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Troubleshooting Exchange Server 2003 Servers

6/18/2011 4:11:09 PM
The performance of an Exchange Server 2003 server depends upon the efficiency of general server processes, such as memory and processor operation, in addition to the processes specific to Exchange. Troubleshooting server health involves interpreting the values of the appropriate counters recorded in a performance log and taking action as required. If you suspect that a fault is occurring that could result in an unusually high or low counter reading, you can set thresholds to trigger an alert. The alert could in turn initiate logging of other counters.

Loss of data is a very serious matter in an Exchange organization, and you need to be proactive in troubleshooting data storage to prevent a disaster. If a disaster does occur, you need to have confidence that your data recovery process is operating correctly. If your servers are clustered to provide failover or load sharing, then you need to have procedures in place to ensure that those clusters are operating correctly and to repair any failures before they affect your users.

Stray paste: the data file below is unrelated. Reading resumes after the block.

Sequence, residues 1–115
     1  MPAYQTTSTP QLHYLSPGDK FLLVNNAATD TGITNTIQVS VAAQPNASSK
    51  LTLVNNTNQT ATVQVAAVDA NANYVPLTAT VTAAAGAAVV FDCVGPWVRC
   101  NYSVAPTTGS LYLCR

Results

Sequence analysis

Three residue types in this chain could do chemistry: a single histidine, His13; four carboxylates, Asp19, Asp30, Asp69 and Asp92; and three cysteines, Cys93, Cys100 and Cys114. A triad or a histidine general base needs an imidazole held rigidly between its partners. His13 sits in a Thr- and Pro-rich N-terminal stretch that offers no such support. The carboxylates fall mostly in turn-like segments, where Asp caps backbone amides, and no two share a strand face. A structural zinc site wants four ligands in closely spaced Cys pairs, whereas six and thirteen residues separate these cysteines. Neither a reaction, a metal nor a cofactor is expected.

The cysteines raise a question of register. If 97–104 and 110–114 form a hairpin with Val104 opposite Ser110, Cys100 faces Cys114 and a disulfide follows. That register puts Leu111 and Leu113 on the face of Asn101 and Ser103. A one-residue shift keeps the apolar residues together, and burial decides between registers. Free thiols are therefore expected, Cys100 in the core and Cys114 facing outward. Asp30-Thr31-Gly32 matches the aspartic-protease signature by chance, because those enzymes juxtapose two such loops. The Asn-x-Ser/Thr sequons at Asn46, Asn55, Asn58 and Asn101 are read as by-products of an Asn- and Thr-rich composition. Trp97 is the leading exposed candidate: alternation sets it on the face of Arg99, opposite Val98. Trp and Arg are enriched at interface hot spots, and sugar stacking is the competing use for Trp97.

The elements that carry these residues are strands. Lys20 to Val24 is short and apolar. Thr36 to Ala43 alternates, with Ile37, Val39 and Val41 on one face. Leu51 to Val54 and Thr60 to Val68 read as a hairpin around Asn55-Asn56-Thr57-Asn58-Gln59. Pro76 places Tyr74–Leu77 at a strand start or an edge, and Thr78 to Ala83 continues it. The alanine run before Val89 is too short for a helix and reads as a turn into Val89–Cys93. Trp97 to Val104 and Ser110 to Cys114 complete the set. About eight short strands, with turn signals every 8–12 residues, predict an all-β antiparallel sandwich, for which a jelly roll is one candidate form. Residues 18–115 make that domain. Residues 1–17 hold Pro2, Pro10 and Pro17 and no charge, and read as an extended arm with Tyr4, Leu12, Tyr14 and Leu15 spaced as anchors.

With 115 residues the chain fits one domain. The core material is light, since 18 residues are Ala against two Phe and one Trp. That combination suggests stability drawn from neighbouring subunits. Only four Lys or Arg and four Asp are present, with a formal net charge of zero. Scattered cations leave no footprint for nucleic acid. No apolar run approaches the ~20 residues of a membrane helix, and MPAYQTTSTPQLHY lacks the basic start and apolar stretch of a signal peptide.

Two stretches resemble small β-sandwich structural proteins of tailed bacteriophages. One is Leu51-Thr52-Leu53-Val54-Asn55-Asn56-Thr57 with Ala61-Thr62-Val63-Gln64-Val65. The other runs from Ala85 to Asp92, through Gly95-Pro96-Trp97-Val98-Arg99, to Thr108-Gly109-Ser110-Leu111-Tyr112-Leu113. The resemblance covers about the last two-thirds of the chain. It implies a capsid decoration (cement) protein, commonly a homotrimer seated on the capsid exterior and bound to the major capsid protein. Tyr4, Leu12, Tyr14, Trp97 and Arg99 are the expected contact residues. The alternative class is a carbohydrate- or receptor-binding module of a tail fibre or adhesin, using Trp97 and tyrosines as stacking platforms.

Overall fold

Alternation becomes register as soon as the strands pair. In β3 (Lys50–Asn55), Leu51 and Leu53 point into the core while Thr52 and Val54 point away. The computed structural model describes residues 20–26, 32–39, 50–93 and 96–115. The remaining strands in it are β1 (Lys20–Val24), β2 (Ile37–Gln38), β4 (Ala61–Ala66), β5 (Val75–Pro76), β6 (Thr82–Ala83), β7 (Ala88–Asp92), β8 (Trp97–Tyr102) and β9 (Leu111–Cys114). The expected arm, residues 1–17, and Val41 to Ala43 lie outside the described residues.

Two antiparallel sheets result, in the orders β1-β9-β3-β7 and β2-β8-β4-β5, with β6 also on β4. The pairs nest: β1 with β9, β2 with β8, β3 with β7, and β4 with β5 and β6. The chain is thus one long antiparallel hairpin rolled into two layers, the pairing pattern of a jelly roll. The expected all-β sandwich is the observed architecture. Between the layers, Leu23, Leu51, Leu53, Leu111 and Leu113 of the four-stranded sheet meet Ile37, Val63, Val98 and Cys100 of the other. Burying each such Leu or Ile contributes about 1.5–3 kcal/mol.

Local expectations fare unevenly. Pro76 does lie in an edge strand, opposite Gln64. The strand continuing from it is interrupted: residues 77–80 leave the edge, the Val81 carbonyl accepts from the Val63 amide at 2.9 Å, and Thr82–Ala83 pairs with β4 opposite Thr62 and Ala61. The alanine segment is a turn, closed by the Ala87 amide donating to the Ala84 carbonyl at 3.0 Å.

Troubleshooting Server Health

In this lesson, you learn the significance of the results obtained and the action that you can take when these results indicate a problem.

You can also set up alerts to indicate when resource usage or a performance counter exceeds a critical limit. There are many counters and instances of counters in an Exchange Server 2003 server. The following are among the most commonly used to diagnose problems with server health:

  • Memory\Pages/sec This counter indicates the rate at which pages are read from or written to disk to resolve hard page faults. It is the sum of Memory\Pages Input/sec and Memory\Pages Output/sec, and indicates the type of faults that cause system-wide delays. It includes pages retrieved to satisfy faults in the file system cache (usually requested by applications) and non-cached mapped memory files. If the counter value increases over time, it could indicate that memory is becoming a bottleneck. It can also indicate “leaky” applications that use memory when running but do not release it when they stop. Typically, the counter value should not exceed five. A value of 20 or more indicates a problem.